A high dividend payout (dividend as per cent of net profits) is generally seen as an attribute of a mature company. It means that the company retains less for its growth and pays out most of its earnings. A high payout in a single year could be frequently seen but only established and mature companies can sustain it on a long-term basis. Established companies don't need much capital expenditure for future growth and hence prefer to distribute high dividends to their investors. If you are thinking of investing in some company due to its high dividend payout, you must, however, see not just the payout but also historical return on equity.
A high dividend payout keeps the return on equity relatively high if margins remain intact. This is simple mathematics. When a major part of income is distributed as dividend, less profits are retained. Retaining less profits keeps a company's equity (shareholders' funds) low, which translates into a high return on equity. However, only mature businesses with established brands can generate constant growth in earnings, retain less earnings, pay high dividends, and have high or stable returns on equity, all at the same time.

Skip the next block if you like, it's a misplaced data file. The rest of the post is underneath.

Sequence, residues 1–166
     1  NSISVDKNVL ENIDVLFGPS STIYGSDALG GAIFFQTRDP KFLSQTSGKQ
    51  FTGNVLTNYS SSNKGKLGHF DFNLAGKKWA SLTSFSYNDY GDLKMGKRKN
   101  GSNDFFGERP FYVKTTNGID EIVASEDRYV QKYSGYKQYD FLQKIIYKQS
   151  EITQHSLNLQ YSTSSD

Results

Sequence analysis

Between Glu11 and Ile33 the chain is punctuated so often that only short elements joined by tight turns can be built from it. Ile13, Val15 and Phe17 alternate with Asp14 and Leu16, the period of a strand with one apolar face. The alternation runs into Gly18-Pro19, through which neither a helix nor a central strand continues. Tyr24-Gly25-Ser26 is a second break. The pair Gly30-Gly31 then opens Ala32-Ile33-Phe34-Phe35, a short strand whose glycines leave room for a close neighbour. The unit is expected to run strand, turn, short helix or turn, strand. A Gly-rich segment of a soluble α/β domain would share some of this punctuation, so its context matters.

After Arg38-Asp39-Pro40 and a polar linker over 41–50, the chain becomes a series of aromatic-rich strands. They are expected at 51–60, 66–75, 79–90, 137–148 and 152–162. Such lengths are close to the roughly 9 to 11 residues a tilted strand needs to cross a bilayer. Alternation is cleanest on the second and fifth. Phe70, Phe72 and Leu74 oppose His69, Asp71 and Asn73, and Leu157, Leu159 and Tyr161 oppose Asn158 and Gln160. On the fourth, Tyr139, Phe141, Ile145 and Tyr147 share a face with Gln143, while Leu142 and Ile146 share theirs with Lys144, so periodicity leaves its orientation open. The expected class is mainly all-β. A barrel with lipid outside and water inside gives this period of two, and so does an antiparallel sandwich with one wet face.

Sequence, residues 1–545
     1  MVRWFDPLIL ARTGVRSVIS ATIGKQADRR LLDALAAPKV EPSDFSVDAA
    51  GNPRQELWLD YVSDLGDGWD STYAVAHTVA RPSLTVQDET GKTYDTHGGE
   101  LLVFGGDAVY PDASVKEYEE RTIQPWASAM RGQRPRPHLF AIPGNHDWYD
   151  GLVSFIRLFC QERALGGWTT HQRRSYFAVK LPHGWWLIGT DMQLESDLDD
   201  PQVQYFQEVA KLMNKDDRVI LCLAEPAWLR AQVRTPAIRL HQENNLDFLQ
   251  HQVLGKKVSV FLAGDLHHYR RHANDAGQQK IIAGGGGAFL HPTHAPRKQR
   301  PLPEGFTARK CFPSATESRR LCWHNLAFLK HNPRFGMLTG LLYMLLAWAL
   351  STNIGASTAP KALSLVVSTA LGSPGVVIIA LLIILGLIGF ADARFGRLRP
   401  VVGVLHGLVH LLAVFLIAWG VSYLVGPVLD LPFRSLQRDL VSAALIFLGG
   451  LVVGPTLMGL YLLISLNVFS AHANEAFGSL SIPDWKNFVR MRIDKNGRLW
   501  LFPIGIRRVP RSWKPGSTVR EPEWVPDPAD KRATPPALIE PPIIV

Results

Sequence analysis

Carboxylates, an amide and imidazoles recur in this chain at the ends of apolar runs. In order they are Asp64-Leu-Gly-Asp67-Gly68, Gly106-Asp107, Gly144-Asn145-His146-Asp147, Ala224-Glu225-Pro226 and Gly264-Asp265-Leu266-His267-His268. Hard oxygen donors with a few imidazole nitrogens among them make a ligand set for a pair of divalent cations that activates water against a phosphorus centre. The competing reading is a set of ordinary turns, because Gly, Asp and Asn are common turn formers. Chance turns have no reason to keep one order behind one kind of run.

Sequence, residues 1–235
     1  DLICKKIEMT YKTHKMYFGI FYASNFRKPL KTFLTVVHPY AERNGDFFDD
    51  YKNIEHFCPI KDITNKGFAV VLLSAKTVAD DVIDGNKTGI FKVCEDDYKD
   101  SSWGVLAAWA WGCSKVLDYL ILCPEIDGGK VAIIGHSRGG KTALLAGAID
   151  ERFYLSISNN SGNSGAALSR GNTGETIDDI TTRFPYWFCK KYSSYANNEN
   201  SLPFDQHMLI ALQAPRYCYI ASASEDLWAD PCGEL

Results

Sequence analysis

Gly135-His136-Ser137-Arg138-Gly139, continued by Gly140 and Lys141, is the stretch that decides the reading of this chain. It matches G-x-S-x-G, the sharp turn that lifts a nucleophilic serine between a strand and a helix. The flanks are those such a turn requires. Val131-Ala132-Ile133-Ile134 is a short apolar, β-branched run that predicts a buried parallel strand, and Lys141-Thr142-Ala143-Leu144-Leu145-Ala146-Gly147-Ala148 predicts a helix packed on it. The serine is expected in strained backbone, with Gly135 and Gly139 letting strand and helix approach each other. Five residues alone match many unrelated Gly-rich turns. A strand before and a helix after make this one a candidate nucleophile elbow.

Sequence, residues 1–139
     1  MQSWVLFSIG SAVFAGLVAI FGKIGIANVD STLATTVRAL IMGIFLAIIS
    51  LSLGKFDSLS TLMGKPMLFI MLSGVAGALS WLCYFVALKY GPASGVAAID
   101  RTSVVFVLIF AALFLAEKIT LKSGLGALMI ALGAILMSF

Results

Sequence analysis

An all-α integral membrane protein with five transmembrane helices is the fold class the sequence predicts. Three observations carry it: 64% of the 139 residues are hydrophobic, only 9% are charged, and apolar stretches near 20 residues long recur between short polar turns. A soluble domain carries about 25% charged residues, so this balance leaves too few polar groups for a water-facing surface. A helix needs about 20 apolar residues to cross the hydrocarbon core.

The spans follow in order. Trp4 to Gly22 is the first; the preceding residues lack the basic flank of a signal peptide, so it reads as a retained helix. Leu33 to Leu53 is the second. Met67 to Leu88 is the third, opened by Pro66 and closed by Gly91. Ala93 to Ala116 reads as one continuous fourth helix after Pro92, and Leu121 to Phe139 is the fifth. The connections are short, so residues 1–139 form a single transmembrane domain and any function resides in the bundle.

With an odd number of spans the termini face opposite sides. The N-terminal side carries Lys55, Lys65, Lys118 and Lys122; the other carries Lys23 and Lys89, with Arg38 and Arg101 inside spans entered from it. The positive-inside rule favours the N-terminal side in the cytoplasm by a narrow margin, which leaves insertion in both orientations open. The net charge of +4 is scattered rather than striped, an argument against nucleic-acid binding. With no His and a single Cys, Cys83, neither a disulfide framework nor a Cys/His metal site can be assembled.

If RoE is constantly falling despite a high dividend payout, that means the company is losing its steam. And if the fall in RoE continues for a long time, then sustaining a high dividend is difficult. The company either needs to improve its efficiency or will have to reduce the dividend payout to spend more on capital investments.
Table 1 gives you the companies which have consistently high dividend payouts in the past five years but the RoE is falling. Therefore, these companies will have to either improve their efficiency or cut down their payouts. Table 2 shows the companies which have historically high dividend payouts and can maintain those in the future as they are able to maintain their efficiency in terms of RoE. These companies could be ideal for dividend investing.